Decreased retail sales and consumption expenditure were the main culprits of the stall in the Australian economy over the past year, according to industry analyst and economic forecaster, BIS Shrapnel.
The company’s economic outlook bulletin identifies household spending as the key driver of prospects for the economy. Continued weakness in expenditure will determine the extent of the damage to the economy over the next financial year. Conversely, it will be the timing and strength of the recovery in household spending that drives the next economic upswing.
BIS Shrapnel’s chief economist, Dr Frank Gelber, said since last year’s financial shock the drivers of household spending will fall naturally into three phases.
“Phase one, the precautionary savings phase, drove the initial weakening of the economy in 2008,” explained Gelber.
“Retail sales and private consumption expenditure stalled, initially because of rising interest rates, but then as awareness of the global financial crisis increased.”
The collapse in confidence and resultant rise in precautionary saving initiated a sharp rise in the savings rate, offsetting still strong household disposable income growth. Disposable income was very strong last year as the fall in interest rates reduced mortgage interest costs for households. However, this boost to household disposable income is now largely over.
“The slight pick-up in consumption expenditure this year has largely been due to the household handouts,” continued Gelber.
“This won’t be sustained and we are close to the end of the stimulus associated with cash handouts.”
During the second half of this year we will enter phase two – weak household disposable income. BIS Shrapnel is expecting employment to fall, the unemployment rate to rise and real household disposable income to be flat to negative during 2009-10. Households simply won’t have as much disposable income to spend.
“This means the economy will stay weak through the next financial year which is when we’ll see the full extent of the damage caused by the current downturn,” said Gelber.
BIS Shrapnel is not expecting the economy to begin to recover until mid-to-late 2010. This is phase three, and the timing of the upswing will depend on when confidence recovers and households ease off saving and start to spend again.
It is in phase three that we will start to see household disposable income picking up again and a strengthening of retail sales and private consumption expenditure. It is also expected retail sales will be boosted by strengthening housing construction and property markets. BIS Shrapnel said this is what will underpin the economic recovery, however, the company warns that the retail industry won’t be same again.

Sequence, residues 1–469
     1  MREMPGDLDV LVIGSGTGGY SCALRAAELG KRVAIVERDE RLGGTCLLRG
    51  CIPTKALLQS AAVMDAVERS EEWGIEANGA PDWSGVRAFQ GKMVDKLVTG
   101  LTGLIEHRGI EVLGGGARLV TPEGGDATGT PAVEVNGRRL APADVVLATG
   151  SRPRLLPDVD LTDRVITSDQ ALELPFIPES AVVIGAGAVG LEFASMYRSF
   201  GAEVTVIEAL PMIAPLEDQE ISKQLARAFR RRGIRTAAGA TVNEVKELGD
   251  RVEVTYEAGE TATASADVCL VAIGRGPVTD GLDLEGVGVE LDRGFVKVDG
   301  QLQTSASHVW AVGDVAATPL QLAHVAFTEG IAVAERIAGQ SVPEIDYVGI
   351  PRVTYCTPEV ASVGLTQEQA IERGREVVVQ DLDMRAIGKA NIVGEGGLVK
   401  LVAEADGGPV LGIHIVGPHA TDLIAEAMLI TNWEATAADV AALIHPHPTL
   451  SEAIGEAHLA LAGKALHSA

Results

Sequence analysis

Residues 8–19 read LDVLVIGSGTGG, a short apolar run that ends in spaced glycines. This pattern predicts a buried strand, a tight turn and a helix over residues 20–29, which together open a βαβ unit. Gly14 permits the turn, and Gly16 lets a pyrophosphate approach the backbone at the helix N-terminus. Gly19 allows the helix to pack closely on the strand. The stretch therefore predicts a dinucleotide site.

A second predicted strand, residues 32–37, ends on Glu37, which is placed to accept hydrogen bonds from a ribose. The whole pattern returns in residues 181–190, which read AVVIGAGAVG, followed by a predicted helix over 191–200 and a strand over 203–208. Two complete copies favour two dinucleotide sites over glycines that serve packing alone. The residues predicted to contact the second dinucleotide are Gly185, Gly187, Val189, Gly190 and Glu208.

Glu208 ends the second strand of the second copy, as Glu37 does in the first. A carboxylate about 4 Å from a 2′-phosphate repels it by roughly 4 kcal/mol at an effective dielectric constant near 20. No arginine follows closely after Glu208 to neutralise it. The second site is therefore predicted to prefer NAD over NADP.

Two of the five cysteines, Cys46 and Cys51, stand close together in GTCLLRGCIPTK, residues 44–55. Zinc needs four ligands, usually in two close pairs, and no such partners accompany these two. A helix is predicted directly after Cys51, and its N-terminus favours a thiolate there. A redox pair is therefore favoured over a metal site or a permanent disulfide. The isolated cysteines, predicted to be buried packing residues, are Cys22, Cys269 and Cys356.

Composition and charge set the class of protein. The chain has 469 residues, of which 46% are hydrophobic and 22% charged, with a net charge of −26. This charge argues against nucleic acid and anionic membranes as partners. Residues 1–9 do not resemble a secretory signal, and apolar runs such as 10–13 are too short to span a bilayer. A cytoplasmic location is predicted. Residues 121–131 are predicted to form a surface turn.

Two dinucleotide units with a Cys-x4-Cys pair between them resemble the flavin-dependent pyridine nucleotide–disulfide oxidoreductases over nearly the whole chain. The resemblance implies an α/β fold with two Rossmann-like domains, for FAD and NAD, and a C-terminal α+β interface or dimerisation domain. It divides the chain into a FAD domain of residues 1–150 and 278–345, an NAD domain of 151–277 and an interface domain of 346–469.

Longer term, retailing will be much less lucrative than it has been this decade. Retail sales and private consumption expenditure growth are expected to remain lower, because households won’t go through the same debt build-up that drove retail growth earlier this decade. And, with governments focusing on reducing debt, there won’t be tax cuts to boost household disposable income.
“It will be a long time before we see the ‘golden age’ conditions for retailing that we experienced between 2002 and 2007,” said Gelber.
“Private consumption expenditure will be limited by growth in real household disposable income, which will be limited by more conservative savings ratios and constraints on tax reduction.”
More importantly, from the point of view of retailer profitability, retail margins are unlikely to reach the dizzy heights of the ‘golden age’.
BIS Shrapnel said this decade transformed the retail business. The rise in margins, from under three per cent in the 1990s to over four per cent at the end of last year, was helped by strong retail sales and income growth. However, the primary influence was the rise in the Australian dollar, which was also helped by ‘the China effect’, reducing the cost of manufactured goods. The reduction in the cost of imported goods allowed wholesalers and retailers to contain retail prices, and at the same time increase profits.
“This compares to the 1980s and 1990s when retailing was a difficult business,” said Gelber.
“Back then we were faced with tight margins and high levels of business failures, leading to empty spaces in many retail centres.
“However this decade has seen strong profitability, which has meant relatively low business failures and a queue of people waiting to get into the better regional and sub-regional retail centres.”
BIS Shrapnel said the current shock to retail sales and the lower dollar, provided it sticks, will squeeze retail margins, affecting the profitability of retailers. Certainly, hardest hit will be imported goods and discretionary goods. Nonetheless, the recent rebound in the dollar is undermining the improvement in competitiveness of domestic tradeables, that is, import-competing goods.
“In the next decade, lower growth and, presumably, a lower dollar will constrain retail margins, making retailing a much tougher business,” concluded Gelber.
“For retailing, the next decade will look a lot more like the 1980s and 1990s than this decade.”